Wednesday, March 24, 2010

Joyful Things

Skies this blue.

Inter-species cuddling.

Glowing tulips.

Time-outs in the chicken yard.


Kissing the soft nose of a spring bunny.

Poems like this one:
b e f o r e

--- M A R K H A L L I D A Y

Before you were you,
before your bicycle appeared under the street-lamp,
before you met me at the airport in a corduroy jacket,

before you agreed to hold my five ballpoint pens
while i ran to play touch football,
before your wet hair nearly touched the piano keys

and in advance of how your raincoat was tightly cinched
when you asked about nonviolent anti-war activity
and before you said "Truffaut,"

before your voice supernaturally soft sang
"I aweary wait upon the shore,"
before you suddenly stroked my thigh in the old Volvo,

when you had not yet said "Marcus Aureliius at 11:15"
and before your white shirt on the train,
before Pachelbel and "My Creole Belle"

and before your lips were so cool under that street-lamp
and before Buddy Holly in Vermont on the sofa
and Yeats in the library lounge,

prior to your denim cutoffs on the porch,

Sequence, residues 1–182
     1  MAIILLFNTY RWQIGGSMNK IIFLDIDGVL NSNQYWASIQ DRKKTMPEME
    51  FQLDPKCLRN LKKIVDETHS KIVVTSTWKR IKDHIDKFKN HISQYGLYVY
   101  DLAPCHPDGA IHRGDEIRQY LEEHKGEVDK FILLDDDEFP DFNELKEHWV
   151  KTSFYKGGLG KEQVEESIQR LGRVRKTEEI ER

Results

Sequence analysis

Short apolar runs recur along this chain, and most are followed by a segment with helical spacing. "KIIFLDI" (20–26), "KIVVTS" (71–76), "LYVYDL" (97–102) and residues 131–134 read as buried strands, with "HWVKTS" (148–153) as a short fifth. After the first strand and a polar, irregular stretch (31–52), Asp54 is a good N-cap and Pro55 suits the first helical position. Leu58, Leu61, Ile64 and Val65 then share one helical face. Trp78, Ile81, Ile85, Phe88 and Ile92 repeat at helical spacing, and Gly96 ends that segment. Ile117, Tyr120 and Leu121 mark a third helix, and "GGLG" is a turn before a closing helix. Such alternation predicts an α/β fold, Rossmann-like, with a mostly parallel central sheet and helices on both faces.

prior to my notes and your notes
and before your name became a pulsing star,

before all this
ah safer and smoother and smaller was my heart.

Tuesday, March 23, 2010

One of Those Days

I wake up this morning to an email with some difficult news about a relative who is going through some tumultuous growing pains into adulthood. I feel all kinds of emotions all at once upon reading what this person is going through: sadness, anger, protectiveness, among other things.

I then see that the garbage hadn't been taken out to the curb last night, and I hear the trucks barreling down the street. I feel too much heartache to rush my barely-awake self outside in my pajamas to do the job.

So I take a shower instead, hoping it will clear my head and improve my mood. It doesn't.